We also ordered the Hokkaido scallops from the ‘not so raw’ component of the menu, which was both beautifully presented and a delight to eat.  Served with an apple foam and crispy apple circles, the lightly seared scallops were sweet and expertly cooked.  I loved the apple foam, which had a medium texture, not really sure how they pulled that off, but it was more than a foam and not quite a solid.  The combo of apple and sweet scallop was perfect, what’s more, it was quite a generous serving as well.  Really tasty and excellent value!


The main gig at Djapa is their signature robata menu, essentially small portions of grilled meat that was mostly sourced from Japan.  The menu included cuts from Kogoshima, Ohmi, Hokkaido, Miyazaki and Kobe; all cooked on the restaurants open grill and served as quite small portions, but relatively cheap for such great cuts of Wagyu (all score +4 or +5).

We ordered a couple of random bits of meat, but were informed that the Kobe was off the menu for the night (the menu did state that the Kobe was limited availability).  Instead, there was an Argentinian chorizo that we ordered; and we finished off the order with a skewer of chicken thigh.

The skewers arrived en masse and we lined up all of the meat in a row to start devouring.  Each of the skewers contained approximately 40 grams of protein, not a lot, but given the prices were well below what you’d expect to pay for premium beef, it was reasonable.  We did have a little bit of a Mexican Brazilian standoff though, each skewer only had three pieces, so we had to negotiate for our favourites.


The Kogoshima chuck cut was lovely and quite fatty compared to the rest of our cuts; the strongest flavour as well, but not our favourite.  The ribeye from Ohmi took out the ‘people’s choice’ award for tastiest piece of beef, it was rich and almost creamy in its flavour; yummo!  The Hokkaido tenderloin was probably our second favourite, although quite a bit leaner than the chuck, it was still nice and flavoursome.


Outside of the beef, we both really loved the Argentinian chorizo, which was super tender and not as hot as it’s Spanish counterpart.  Of all the dishes though, the chicken thigh was the least favourite; with the chicken being a little over cooked and just a tad dry.  Chicken thigh is temperamental at best, and only a few extra seconds on the grill can make all the difference.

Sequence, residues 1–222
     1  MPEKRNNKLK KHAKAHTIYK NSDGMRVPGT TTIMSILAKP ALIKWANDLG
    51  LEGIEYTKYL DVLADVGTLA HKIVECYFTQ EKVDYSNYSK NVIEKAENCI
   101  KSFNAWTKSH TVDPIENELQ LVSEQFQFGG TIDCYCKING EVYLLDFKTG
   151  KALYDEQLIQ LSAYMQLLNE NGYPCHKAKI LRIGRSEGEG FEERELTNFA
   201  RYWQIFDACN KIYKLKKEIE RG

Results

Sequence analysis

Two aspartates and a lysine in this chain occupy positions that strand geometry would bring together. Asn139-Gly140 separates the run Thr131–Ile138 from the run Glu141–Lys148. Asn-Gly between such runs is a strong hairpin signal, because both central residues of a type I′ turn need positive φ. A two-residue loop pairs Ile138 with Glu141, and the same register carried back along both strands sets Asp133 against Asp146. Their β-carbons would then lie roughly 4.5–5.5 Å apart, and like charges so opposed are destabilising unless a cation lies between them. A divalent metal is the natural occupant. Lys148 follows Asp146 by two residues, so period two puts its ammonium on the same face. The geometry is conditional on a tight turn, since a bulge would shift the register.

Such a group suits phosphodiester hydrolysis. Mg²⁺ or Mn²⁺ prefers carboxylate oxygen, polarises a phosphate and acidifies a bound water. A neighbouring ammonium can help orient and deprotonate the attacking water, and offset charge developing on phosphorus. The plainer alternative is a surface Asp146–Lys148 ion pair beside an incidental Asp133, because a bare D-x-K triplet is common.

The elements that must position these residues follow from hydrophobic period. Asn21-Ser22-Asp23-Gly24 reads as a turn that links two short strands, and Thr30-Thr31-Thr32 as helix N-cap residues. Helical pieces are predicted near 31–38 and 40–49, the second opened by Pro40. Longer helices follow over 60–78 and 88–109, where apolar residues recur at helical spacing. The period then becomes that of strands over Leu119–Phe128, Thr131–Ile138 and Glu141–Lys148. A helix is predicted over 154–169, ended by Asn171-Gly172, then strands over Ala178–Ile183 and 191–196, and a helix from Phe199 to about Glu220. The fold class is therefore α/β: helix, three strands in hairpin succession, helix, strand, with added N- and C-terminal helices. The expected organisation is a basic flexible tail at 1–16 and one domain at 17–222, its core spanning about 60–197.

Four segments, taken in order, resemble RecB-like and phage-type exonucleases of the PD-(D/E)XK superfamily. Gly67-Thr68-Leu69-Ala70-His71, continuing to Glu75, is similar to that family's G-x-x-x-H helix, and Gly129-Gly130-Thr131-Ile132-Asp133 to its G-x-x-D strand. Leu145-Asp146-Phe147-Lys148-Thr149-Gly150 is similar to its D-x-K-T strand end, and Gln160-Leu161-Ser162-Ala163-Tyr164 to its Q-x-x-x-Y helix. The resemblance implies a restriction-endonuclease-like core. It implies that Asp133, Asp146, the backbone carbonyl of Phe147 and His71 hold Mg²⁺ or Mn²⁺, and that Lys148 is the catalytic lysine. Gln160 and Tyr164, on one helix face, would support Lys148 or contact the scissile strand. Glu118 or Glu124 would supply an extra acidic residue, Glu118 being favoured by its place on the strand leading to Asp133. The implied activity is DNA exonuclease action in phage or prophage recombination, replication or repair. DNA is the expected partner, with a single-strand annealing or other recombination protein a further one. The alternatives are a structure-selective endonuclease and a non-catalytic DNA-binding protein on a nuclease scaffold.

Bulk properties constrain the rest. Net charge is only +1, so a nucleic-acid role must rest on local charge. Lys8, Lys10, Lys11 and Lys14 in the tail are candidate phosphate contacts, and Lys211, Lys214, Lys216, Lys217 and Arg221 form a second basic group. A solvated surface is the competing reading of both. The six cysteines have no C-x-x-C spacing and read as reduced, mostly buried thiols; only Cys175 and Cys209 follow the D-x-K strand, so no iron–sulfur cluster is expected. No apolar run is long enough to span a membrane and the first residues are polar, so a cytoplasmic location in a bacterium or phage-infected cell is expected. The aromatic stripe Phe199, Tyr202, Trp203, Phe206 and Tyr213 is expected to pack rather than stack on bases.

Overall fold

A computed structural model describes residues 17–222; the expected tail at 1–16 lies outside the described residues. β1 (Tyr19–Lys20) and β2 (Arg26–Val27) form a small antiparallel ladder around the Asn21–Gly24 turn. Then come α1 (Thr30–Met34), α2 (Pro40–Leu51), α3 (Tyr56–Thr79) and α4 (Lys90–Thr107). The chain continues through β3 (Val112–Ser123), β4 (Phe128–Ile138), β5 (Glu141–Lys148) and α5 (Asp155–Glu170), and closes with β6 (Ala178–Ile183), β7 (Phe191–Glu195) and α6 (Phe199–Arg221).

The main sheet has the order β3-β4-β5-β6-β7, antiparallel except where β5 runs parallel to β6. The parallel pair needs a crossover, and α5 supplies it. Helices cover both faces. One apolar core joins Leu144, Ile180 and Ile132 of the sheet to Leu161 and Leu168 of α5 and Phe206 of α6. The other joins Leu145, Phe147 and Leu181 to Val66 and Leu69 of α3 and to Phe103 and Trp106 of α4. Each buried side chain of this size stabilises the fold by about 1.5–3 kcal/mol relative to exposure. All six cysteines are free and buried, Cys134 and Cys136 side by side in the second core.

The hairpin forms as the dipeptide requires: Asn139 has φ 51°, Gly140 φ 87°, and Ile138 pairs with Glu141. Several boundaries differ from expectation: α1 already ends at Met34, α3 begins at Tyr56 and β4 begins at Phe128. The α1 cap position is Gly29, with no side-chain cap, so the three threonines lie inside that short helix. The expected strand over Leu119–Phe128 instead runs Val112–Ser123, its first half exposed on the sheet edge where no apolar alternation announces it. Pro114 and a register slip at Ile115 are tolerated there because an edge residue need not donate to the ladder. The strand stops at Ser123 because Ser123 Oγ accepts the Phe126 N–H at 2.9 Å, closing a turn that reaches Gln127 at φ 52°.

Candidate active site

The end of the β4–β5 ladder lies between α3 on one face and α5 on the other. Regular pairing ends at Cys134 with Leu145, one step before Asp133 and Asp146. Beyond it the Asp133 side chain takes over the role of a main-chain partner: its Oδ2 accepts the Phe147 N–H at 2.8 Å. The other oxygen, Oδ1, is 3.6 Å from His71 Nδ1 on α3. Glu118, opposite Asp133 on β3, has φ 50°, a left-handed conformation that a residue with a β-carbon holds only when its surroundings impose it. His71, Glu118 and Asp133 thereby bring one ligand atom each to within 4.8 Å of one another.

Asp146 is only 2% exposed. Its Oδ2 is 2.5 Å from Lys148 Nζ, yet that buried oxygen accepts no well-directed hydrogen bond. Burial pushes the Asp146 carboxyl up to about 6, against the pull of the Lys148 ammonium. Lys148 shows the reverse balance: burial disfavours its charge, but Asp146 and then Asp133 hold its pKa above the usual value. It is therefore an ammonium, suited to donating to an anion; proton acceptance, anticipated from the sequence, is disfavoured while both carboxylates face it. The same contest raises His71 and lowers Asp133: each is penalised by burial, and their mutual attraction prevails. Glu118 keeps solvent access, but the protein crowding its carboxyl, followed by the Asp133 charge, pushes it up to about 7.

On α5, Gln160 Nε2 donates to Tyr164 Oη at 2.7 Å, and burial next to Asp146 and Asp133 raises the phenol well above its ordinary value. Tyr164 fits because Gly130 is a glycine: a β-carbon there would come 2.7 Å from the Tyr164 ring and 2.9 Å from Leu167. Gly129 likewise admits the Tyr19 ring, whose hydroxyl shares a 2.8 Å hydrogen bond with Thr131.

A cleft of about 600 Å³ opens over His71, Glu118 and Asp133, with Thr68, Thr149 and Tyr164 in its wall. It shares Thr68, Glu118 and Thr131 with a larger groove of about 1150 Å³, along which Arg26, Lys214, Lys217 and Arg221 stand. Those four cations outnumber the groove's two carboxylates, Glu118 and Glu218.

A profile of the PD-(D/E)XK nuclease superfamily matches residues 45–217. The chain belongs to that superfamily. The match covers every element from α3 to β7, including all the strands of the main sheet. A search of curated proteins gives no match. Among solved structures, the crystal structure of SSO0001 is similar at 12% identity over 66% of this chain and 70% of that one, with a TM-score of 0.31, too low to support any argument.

It was time for dessert; after asking our sommelier for his recommendation, I opted for the coco tapioca, which was a creamy tapioca with a subtle honey undertone, with the addition of some Japanese peach, the dish was actually really refreshing.  Tapioca can be cloying, but the Djapa version was prepared wonderfully and they even managed to present the dish in a way that was visually appealing.  It wasn’t cloying in the slightest and I was a little sad when the dessert was finished.


The girl went for a plum sake for dessert (haha), which according to the girl was the best sake she’d ever had and worth the price of admittance alone.  Throughout the night, the girl had been treated to little samples of different wines as well; a Japanese chardonnay and an Argentinian red from grapes that were thought to be extinct (yep, cannot remember the grapes though!)


As the night wore on, the spectacularly colourful seats that made up the restaurant filled and the noise level and ambiance of the dining room came alive.  Service was excellent, with great explanations of the food and approach as each course was delivered.  Our sommelier was particularly friendly, although, we really did love and appreciate the attention that we received.

 Throughout the meal, I wandered amongst the artwork that adorned practically every wall and area in the dining area.  The space was truly colourful and quite spectacular, the Brazilian artists responsible doing a smashing job.  Their creations were augmented by additional works by well known artists such as Takashi Murakami, Yayoi Kusama, Hajime Sorayama, Masakatsu Iwamoto and Tomaz Viana.

The kitchen and grill area for Djapa even was surrounded by its own pieces of art, although I did worry a little bit when I went and had a look, the grill was smoking up something fierce, and while the aroma was intense and intoxicating, perhaps the artwork might suffer a bit.


Given this place is the closest restaurant to our front door, and given how much we loved the food, and especially considering how reasonably priced the meal was (for HK standards), there is little doubt we will be back.  Djapa is a fun restaurant with great food and is visually stunning.

Oh, did I mention that there’s a bar downstairs with a ridiculously large number of Japanese whiskies?



The food of Djapa

The Artwork of Djapa